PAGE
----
HBO’s Real Time With Bill Maher Overtime Will Air on CNN Friday Nights at 11:30 PM ET

By A.J. Katz 

Warner Bros. Discovery brands HBO and CNN are joining forces on a weekly basis.

Overtime, the post-show segment for HBO’s Real Time with Bill Maher, will air on CNN Friday nights at 11:30 p.m. ET. The segment will debut this coming Friday, February 3, during the 11 p.m. hour of CNN Tonight.

Overtime, which streams on YouTube, features Maher and his guests continuing the discussion and answering viewer questions following each week’s episode of Real Time. Topics include news of the day, culture, business, politics, and more.


Laura Coates will presumably anchor the full 11 p.m. hour of CNN Tonight Monday-Thursday.

Fellow cable news outlet Fox News has seen success with the roundtable, comedy talk format at 11 p.m., as Gutfeld! has emerged as one of the top-rated shows on all of cable news. It has performed especially well Fridays with adults 25-54. CNN’s offering will be a bit different, however. It is an extension of an existing program, will air weekly and only cross paths with the second half hour of Gutfeld!

CNN CEO Chris Licht spoke with the L.A. Times Steve Battaglio recently, sharing thoughts on CNN primetime (aka. the 9 p.m. hour), CNN This Morning, the new dayside programming format and the decision to cut third-party CNN Films and Originals. Below are some highlights:

L.A. Times: So there was some reporting that said you’re looking to do some type of topical comedy show in prime time. Is that true?

Licht: No. I worked on a comedy show. And it took over 200 people to produce an actual comedy show. So no, I would not be so foolish as to, in one fell swoop, hurt the brand of comedy and news by trying to do a comedy show on CNN.

What are you doing?

I’m casting a wide net to help broaden the appeal of our prime time. But at the same time, I can’t offend our core audience of news junkies. I would never do anything that would hurt the brand and reputation that we’re working so hard to restore.

Are you talking to comedians about being part of the new prime-time show?

We are in conversations with culturally relevant individuals from the worlds of entertainment, sports and comedy who can bring fresh and unique perspectives to the news.

How do you assess the performance of CNN This Morning?

Licht: Early days. It’s just finding its footing. I think we have all the right raw materials, and now it’s just really about coalescing how the show is produced around those three personalities and utilizing the resources of the network as best as it can. “Morning Joe” took about a year to get its footing.

The ratings were up 7% in the fourth quarter last year, helped by the coverage of the House speaker vote. But the numbers were down for the network overall in 2022. I know you’re in a rebuilding mode, but at what point do you expect them to rise again?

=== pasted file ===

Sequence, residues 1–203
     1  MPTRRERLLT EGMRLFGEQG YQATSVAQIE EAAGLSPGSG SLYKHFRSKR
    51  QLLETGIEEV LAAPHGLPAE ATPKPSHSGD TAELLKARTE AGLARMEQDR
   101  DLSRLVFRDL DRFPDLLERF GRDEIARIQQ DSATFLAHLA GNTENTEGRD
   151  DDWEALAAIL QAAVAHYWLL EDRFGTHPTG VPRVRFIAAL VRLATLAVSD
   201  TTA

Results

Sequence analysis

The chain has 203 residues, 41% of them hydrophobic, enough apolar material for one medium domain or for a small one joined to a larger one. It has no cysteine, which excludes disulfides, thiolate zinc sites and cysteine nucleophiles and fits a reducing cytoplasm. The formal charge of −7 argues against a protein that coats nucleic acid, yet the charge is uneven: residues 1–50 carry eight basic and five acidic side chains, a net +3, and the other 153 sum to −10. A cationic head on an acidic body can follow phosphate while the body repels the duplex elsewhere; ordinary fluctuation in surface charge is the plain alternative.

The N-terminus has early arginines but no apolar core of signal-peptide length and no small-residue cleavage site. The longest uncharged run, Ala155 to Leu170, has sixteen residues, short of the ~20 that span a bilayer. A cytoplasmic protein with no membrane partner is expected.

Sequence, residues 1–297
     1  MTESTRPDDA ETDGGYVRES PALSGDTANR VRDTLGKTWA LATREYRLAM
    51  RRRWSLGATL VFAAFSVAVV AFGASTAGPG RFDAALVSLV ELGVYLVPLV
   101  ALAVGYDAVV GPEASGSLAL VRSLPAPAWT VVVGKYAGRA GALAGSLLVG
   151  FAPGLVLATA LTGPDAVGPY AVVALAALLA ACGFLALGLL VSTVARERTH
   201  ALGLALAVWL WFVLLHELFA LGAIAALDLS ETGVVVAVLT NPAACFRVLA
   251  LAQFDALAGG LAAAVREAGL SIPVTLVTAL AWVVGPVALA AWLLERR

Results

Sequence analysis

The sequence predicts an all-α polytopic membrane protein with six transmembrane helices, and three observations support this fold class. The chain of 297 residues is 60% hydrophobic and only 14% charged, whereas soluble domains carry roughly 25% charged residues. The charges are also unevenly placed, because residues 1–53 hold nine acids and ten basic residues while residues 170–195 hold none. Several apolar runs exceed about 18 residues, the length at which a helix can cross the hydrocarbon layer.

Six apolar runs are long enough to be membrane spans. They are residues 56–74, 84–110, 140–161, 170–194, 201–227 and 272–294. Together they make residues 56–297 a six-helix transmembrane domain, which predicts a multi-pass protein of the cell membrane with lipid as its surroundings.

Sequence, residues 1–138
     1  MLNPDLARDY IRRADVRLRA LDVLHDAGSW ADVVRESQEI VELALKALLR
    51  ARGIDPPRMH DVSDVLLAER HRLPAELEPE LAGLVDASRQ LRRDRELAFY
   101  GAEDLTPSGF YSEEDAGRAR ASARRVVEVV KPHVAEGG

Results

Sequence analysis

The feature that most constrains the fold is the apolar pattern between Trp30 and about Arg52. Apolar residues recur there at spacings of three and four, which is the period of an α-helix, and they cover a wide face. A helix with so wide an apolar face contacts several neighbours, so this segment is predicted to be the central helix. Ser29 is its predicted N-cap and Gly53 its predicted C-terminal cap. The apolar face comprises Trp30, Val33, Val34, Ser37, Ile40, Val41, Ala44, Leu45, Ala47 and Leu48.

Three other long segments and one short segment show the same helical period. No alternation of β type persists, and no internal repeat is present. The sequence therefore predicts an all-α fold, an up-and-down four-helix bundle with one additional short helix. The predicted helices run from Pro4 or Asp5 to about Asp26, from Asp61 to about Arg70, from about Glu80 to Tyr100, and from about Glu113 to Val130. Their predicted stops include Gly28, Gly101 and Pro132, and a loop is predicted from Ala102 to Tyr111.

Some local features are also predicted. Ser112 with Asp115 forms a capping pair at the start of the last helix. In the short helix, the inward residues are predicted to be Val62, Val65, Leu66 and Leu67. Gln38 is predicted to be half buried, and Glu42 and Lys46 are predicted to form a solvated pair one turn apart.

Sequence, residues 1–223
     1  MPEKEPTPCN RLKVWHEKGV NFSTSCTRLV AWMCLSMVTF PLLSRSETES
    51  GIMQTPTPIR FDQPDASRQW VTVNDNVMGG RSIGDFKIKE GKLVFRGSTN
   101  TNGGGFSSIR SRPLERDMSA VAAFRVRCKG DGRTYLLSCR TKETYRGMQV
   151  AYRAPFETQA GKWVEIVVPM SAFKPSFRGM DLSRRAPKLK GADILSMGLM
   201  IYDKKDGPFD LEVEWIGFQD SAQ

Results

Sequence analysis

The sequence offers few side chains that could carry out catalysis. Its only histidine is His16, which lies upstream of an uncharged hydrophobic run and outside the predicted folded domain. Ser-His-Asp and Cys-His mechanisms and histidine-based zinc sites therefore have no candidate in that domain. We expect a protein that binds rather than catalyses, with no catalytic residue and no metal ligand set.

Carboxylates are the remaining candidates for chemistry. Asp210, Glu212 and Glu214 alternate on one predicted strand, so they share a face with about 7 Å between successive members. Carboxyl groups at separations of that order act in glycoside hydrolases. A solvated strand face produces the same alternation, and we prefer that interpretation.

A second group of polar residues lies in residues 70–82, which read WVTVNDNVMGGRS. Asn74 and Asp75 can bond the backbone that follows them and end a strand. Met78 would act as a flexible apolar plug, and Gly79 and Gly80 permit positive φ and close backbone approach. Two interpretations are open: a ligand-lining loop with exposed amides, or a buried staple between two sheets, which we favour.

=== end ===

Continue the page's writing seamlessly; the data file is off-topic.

What we are doing is fundamentally reformatting the network. And it’ll take some time for that to get into a rhythm, and then it’ll take time to market it. And so it will take some time to grow again. I have explicitly been given that time. Because the people I work for understand that we didn’t get here overnight and we’re not going to get out of it overnight.

You often beat MSNBC in the 25 to 54 demographic during the day. There is also a news viewing habit during the daytime in which the audience expects a certain person to be there at a specific time. Why play around with that?

The new format completely establishes CNN’s credibility and reputation. Because that is what’s on in offices around the country, in Congress, etc. And we are just redeploying those familiar faces who are not newsreaders, they’re actual journalists. So it’s leaning into their strength, putting them in the same cities, and then really pulling back the curtain as to how we gather news and how a story incrementally changes over time. You’re taking three anchors and you are evolving the news as it evolves for the viewer. In my mind, I want people to be making an appointment with CNN and really showcasing what only we can do, which is global newsgathering. At one point I thought maybe we put the 9 a.m. editorial call on the air. But I was talked out of it for a variety of reasons.

You’ve done some cost-cutting, like other media outlets. But I was a little bit surprised that you are not going to buy any more films or series from outside producers for CNN Originals.

Why was that surprising to you?

Because those programs and movies gave CNN appointment viewing and a library that could be amortized over time. The content was easy to promote because of the big-name talent involved. Why do you think this was a place where you should cut?

First, I think we can do some of that with our own people. And I think we can really lean into making long-form programming that will have some of those same benefits. Also, I am part of Warner Bros. Discovery, which has all kinds of resources and content that we can also utilize on our platforms. [Amy Entelis, executive vice president for talent and content development] did an incredible job building that unit. It just got nominated for an Academy Award [for “Navalny”]. And she is in the middle of building an internal studio that can do some of that really glossy high-end stuff that we’ll roll out next year.